The April book for my QOSO Book Club is "The Help" by Kathryn Stockett. I'd seen it on shelves at local bookstores for months and had even picked it up and carried it around a couple times. At $24.95 for a hardback ($14.95 when it's on sale), I decided to download it on our Kindle for $9.99!
I'm not sure how to begin my review of this book. I still feel like it's not over even though I finished it days ago. Stockett does an amazing job of keeping you interested in all of the ongoing story lines weaved throughout the book. Told from the perspective of multiple, interwoven characters, "The Help" delves into the good, the bad and the ugly sides of being a woman in 1962 Jackson, Mississippi.
The black domestic servants have a bond that only they may ever truly understand. The hate that they're exposed to is sick and heart-wrenching. The community they share is rich in experience and uniqueness. One white woman vows to share these women's stories and make things right.
The white, upper-class women have their own bond, one built on tradition and expectations. From Junior League meetings to bridge club, their lives revolve around society's priorities. They charge their maids with not only managing the home, but even with raising their children.
Without going too far into any one character's story, I will say that the two most endearing aspects of the book are 1) maid Aibileen's relationship with the white children she raises and 2) the unusual relationship-turned-friendship between the help and one honest white woman who believes in the power of story-telling.
I should note that this is Stockett's first book and she does an amazing job herself of story-telling. As a white female writer (who had black help as a child - [and I have to note how similar her story is to that of the character Miss Skeeter]), she took on the tough task of using 1960s Southern dialect, specifically used by poor blacks. Having been exposed to some of it, I thought she did a fairly good job with it.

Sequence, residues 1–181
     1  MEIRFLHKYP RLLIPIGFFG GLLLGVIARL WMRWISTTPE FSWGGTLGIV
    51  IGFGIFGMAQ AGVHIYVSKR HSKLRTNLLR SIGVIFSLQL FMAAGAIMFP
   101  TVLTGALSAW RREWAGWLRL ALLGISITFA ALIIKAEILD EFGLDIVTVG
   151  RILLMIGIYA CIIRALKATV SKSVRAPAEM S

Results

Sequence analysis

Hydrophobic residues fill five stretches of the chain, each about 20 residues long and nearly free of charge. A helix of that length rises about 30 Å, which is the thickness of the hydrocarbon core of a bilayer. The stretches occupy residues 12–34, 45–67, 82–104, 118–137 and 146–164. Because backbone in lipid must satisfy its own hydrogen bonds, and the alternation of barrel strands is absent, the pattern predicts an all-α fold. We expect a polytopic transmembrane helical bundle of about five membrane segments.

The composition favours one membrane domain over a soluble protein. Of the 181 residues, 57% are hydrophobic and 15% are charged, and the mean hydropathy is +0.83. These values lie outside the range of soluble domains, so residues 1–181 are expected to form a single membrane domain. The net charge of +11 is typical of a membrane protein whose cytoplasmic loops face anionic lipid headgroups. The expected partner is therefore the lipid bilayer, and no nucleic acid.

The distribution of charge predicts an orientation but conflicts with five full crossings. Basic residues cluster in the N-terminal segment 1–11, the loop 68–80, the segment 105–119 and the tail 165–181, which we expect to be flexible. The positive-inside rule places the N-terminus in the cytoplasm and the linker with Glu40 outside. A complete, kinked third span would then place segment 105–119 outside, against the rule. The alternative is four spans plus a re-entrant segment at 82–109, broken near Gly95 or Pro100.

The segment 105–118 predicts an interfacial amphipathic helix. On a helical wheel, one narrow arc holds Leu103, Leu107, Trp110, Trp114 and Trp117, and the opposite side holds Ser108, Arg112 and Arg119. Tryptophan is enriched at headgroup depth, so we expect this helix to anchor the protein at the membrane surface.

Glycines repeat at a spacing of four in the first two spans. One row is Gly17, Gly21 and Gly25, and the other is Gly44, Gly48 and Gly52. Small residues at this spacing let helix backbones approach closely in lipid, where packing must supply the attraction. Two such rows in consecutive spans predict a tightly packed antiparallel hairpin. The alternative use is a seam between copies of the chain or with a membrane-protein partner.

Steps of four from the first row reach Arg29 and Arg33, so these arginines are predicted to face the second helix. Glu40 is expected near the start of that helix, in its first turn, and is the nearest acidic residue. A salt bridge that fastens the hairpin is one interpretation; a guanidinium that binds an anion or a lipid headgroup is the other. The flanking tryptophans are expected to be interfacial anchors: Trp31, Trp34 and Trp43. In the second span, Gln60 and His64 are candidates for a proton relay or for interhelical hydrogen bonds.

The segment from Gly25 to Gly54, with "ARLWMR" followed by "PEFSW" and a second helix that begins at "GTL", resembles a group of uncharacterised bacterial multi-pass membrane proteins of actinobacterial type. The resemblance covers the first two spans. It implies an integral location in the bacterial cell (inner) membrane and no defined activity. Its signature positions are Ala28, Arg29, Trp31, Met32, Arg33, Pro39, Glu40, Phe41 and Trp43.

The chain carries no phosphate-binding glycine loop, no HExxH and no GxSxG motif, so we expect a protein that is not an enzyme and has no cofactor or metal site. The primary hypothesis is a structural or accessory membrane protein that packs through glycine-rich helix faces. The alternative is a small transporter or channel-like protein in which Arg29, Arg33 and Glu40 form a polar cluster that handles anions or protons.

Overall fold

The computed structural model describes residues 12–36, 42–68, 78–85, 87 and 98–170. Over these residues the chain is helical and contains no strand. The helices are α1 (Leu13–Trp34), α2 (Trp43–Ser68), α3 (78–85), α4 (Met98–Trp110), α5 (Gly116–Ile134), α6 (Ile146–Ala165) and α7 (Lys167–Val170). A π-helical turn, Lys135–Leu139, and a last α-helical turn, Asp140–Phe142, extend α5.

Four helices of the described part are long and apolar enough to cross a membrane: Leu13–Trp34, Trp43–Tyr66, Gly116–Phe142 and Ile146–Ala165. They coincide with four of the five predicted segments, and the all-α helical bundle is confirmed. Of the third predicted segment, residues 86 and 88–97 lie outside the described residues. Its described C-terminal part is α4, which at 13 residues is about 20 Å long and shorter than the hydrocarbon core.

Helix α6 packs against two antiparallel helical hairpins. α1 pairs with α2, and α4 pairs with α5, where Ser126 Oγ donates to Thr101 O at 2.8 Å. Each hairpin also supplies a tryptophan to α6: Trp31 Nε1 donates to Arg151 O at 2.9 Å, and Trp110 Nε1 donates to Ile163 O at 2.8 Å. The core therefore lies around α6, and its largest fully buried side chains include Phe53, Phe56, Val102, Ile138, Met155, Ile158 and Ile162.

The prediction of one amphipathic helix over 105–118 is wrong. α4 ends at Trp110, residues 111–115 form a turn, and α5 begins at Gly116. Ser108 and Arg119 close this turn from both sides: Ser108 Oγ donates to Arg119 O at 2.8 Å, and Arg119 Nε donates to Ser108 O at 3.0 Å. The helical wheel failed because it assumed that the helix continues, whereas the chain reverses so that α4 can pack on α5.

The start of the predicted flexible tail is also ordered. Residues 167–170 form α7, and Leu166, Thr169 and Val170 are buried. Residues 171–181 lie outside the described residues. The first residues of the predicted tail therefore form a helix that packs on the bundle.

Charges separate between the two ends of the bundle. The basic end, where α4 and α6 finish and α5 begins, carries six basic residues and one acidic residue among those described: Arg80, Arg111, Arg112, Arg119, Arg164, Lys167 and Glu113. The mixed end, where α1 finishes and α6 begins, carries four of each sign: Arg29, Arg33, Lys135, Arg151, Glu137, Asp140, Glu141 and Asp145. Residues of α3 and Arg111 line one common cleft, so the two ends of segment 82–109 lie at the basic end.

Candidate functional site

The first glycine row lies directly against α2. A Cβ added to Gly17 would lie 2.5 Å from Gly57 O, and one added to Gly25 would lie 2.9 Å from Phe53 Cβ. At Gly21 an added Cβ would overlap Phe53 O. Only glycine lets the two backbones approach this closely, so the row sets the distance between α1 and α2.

Conclusion: This book is a tragic, but beautiful and reader-friendly. It's a page-turner that runs the gambit of emotions. Keep in mind that this is a book intended to entertain (not to be a strictly historical commentary) and you ought find good value in "The Help."
Post Script: I attended Book Club today and was totally dumbfounded at one point when a member asked who had black help growing up. I did!? I was shocked to realize that I hadn't once thought of my own experience with black help. I'm assuming it's because my experience was so significantly different - different time/place/situation.
Toddy was my Ethiopian nanny as a small child. (I believe Toddy was short for something - Momma?) My parents helped her (and eventually her son) become green card holders here in the states. Sadly, I don't remember much about her since I was so small when she left us and my parents divorced. I can't remember her voice. Her face has been almost completely erased over time. I do remember, though, her big, warm arms and her tubby, round belly. And her smell.
I saw her once when I was a pre-teen. At least, I think I saw her. I was waiting in the car as my mom ran in to pick up dry cleaning. I swear that I saw her in there, behind the counter. I can't imagine how this really did play out (if at all). The odds are so small, but I really can swear it happened. I hope it did. I feel this new want to see her now. To "meet" her for the first time. I always have a ton of new questions to ask my parents, both of whom are surely asleep and not up for the conversation, but I hope I'll have the chance soon to learn more about my own "help."